Weekend Trip Ideas
By Jim Gorman Photograph by RMI Stock Photo
||AHEAD OF THE CLASS: Summit day on Washington's Mount Rainier|
Seven outdoor schools so fun you'll play hooky to attend. PACIFIC COAST
Graduate on Top, Washington
"Everybody suffers a certain amount on a Mount Rainier summit climb," says Peter Whittaker, co-owner and guide at Rainier Mountaineering, Inc. Sign on for RMI's five-day Camp Muir Seminar ($1,195; www.rmiguides.com) in September, when fair weather prevails and you'll tilt the pleasure-pain ratio heavily in your favor. The seminar is designed for people planning to go on to bigger and harder mountains with an emphasis squarely on basic mountaineering as well as crevasse rescue, route finding, and first aid. Of course, you also get a shot at the most sought-after peak in the lower 48. On summit day, which begins in the predawn hours, exhilaration and exhaustion mix in equal proportions. You'll walk ladder-bridges across gaping crevasses, skirt a huge bergschrund, and generally push yourself harder than you ever thought possible. By the time most Seattleites clock in at work, you'll be exchanging high fives on Columbia Crest (14,411 feet or 4,392 meters) with all of eastern Washington at your feet.
Elevate Your Game, Colorado
Get vertical—five pitches skyward, to be precise—before winter shackles you to an indoor wall. Colorado Mountain School's two-day Multi-Pitch Clinic ($386; www.cmschool.com) combines first-rate instruction with the high-flying routes of Rocky Mountain National Park. On day one, a CMS instructor will assess your climbing ability and teach you multipitch fundamentals, including proper belay techniques and how to remove protection. Day two is all about climbing Lumpy Ridge outside Estes Park, where 14ers tower in the background and burnished aspen stands rustle below. For lodging, splurge on a room at the elegant Stanley Hotel ($169; www.stanleyhotel.com), known for inspiring Stephen King's The Shining.
Lose 35 Pounds in Two Days, Montana
You have a weight problem, but it has nothing to do with your Krispy Kreme consumption. Too many backpackers hit the trail burdened by cargoes of 45 pounds or more. The team at Backpacking Light in Bozeman will dissect your load, slash it to ten pounds, and give you the savvy to backpack comfortably in three-season conditions. The first item jettisoned? Your hefty tent, which is replaced by a light tarp. "It's not enough to swap a tent. We teach where and how to set [the tarp] up to ride out a storm above treeline," says instructor Ryan Jordan. A weekend-length course ($600 per person; email@example.com) takes place on and off the trail in the wilderness of greater Yellowstone.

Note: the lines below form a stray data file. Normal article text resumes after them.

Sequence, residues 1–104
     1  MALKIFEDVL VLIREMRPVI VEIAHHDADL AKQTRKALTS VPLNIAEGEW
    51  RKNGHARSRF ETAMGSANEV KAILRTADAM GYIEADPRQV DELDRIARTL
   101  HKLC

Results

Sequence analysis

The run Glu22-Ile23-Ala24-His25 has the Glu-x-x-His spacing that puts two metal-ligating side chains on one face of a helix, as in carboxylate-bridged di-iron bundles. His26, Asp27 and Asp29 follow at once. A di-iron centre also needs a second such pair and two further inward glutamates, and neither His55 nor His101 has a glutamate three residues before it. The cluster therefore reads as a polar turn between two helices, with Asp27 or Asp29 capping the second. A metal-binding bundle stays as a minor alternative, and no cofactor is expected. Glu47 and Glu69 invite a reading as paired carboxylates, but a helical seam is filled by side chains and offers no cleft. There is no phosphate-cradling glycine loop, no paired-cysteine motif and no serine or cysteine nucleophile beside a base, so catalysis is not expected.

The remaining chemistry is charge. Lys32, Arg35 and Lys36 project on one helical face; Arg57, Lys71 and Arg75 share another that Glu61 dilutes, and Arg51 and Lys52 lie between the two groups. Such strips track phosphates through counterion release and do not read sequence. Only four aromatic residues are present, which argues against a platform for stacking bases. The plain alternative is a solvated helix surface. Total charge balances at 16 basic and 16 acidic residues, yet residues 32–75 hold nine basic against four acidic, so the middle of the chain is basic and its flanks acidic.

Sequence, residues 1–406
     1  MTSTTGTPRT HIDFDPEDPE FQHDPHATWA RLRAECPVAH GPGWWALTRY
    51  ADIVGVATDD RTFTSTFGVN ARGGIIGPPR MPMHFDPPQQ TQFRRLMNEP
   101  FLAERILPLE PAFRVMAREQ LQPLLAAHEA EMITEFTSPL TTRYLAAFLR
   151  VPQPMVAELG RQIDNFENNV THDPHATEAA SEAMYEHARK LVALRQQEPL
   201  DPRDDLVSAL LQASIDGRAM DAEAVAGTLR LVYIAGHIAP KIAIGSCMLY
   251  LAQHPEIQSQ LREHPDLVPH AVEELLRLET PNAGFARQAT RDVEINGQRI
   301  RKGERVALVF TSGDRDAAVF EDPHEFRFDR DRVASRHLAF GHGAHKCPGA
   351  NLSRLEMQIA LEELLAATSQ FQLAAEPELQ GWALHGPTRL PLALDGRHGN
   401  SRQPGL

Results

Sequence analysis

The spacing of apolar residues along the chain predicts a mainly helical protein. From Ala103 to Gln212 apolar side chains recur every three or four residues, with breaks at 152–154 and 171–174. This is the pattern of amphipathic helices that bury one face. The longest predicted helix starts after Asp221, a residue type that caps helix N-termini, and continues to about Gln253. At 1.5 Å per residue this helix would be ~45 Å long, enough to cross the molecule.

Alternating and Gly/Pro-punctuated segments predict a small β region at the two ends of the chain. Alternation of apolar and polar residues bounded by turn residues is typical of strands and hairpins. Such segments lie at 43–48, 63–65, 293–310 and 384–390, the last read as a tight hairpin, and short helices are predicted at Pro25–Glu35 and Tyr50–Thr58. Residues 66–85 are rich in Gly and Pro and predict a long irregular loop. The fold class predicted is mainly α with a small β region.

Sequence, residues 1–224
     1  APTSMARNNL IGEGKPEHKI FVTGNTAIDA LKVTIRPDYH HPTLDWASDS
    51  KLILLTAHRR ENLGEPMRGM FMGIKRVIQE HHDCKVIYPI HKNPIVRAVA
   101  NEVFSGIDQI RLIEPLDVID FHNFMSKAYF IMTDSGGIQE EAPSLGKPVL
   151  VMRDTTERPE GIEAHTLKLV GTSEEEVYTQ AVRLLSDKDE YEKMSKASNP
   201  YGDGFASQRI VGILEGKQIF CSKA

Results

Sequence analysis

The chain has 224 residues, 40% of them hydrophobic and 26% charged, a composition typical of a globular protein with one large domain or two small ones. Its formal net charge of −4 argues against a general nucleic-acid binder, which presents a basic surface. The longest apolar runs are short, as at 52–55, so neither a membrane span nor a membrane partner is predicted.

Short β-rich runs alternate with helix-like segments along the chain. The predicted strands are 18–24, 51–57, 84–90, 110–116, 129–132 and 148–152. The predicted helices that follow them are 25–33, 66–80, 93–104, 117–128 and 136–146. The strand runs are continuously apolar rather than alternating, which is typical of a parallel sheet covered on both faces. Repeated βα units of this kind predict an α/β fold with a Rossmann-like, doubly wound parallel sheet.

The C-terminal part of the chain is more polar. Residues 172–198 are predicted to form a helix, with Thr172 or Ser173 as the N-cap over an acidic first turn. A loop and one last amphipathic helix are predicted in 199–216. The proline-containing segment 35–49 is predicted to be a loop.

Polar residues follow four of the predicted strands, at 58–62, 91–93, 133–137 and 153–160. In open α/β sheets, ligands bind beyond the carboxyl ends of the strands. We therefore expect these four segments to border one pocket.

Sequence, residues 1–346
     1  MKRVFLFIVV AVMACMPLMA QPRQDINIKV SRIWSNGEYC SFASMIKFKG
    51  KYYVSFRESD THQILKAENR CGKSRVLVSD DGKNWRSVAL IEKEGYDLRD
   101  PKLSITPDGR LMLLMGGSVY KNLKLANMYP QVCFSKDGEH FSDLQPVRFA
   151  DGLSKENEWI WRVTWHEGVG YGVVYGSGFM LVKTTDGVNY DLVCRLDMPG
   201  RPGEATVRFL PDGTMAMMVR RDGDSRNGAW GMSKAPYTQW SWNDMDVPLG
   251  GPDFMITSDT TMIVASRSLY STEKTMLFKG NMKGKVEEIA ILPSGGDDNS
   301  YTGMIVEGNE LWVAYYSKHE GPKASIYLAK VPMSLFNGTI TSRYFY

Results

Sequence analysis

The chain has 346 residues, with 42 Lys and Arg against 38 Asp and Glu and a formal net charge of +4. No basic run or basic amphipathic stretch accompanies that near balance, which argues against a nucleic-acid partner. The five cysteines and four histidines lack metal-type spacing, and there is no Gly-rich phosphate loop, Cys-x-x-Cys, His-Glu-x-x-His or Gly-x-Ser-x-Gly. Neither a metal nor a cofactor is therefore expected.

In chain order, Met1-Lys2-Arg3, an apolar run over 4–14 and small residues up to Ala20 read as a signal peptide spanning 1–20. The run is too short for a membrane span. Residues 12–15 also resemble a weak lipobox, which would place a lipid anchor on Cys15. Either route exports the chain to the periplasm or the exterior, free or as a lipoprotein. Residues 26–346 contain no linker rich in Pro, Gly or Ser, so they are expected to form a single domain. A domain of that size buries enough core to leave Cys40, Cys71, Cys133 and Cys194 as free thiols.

Saddle Up in the Shawnee, Illinois
Stetsons and stallions outnumber John Deere caps and tractors near Shawnee National Forest in southern Illinois. On late summer weekends, horseback riders by the hundreds clomp the 160-mile (257-meters) River-to-River Trail to the region's limestone bluffs and rolling ridgetops. Greenhorns can learn a few pointers at Lake Glendale Stables ($25 an hour; www.lakeglendalestables.com), 150 miles (241 kilometers) southeast of St. Louis in Golconda. Itineraries range from hour-long rides to overnight pack trips and include nontechnical caving, belly-deep stream crossings, and steep hillside ascents. At day's end, soothe saddle sores in the stable's private lake, then bunk at its lodge ($95), housed on the second story of a barn.
Canoe Wild Water, Wisconsin
On the tight, fast rivers that course through the woodlands of northern Wisconsin, it takes more than a J-stroke to keep canoe and canoer from swamping. Sign on for two days of Class I canoe instruction ($150; www.rwtcanoe.com) with Rohr's Wilderness Tours in Conover to gain an edge when rivers roil. At Rohr, canoes are outfitted for action, with thigh straps, knee pads, and flotation bags. Paddlers put the gear to good use on the winding Upper Wisconsin River as they hone strokes like the cross draw and reverse sweep. Grab a site at Rohr's Campground ($13), a great option given September's reliably cool, bug-free nights.
Keel Over in the Chesapeake, Virginia
Wouldn't know a jib from a jibe or a sheet from a cleat? Sailing can seem more than a little daunting to the uninitiated. But give Captain Tom Landers two days ($395 for Basics of Keelboat Sailing; www.sail-school.com) and he'll teach even the most chronic landlubber to heel a craft. Landers, who runs the Virginia School of Sailing from the town of Deltaville on lower Chesapeake Bay, has been named instructor of the year by the American Sailing Association three out of the past four years. His classroom of choice: a fast, stable 22-foot (7-meter) Tanzer. Between drills on the water and cramming for the certification test at the end of the course, slip out to Toby's (+1 804 776 6913) for local crabs and scallops, as well as oysters and shrimp.
Cast Without a Ripple, Vermont
If your last fishing trip involved a red-and-white plastic bobber, then it's time to upgrade your knowledge of the sport. During an intensive, weekend-long fly-fishing clinic conducted by Northeast Kingdom Outfitters ($199; www.northeastkingdomoutfitters.com) in Vermont, bait worms get a break while you learn the zen of casting feather-weight tackle for running landlocked salmon. Spend two days immersed mid-wader in the clear, rushing waters of the Clyde and Willoughby Rivers, with the surrounding hillsides aflame in autumn color. Bed down nearby at one of Willoughvale Inn's four lakeside cabins ($239; www.willoughvale.com) and dive into a bowl of frutti di mare at Lago Trattoria (+1 802 334 8222) in Newport.Find more adventure travel ideas in the September 2005 issue of Adventure magazine.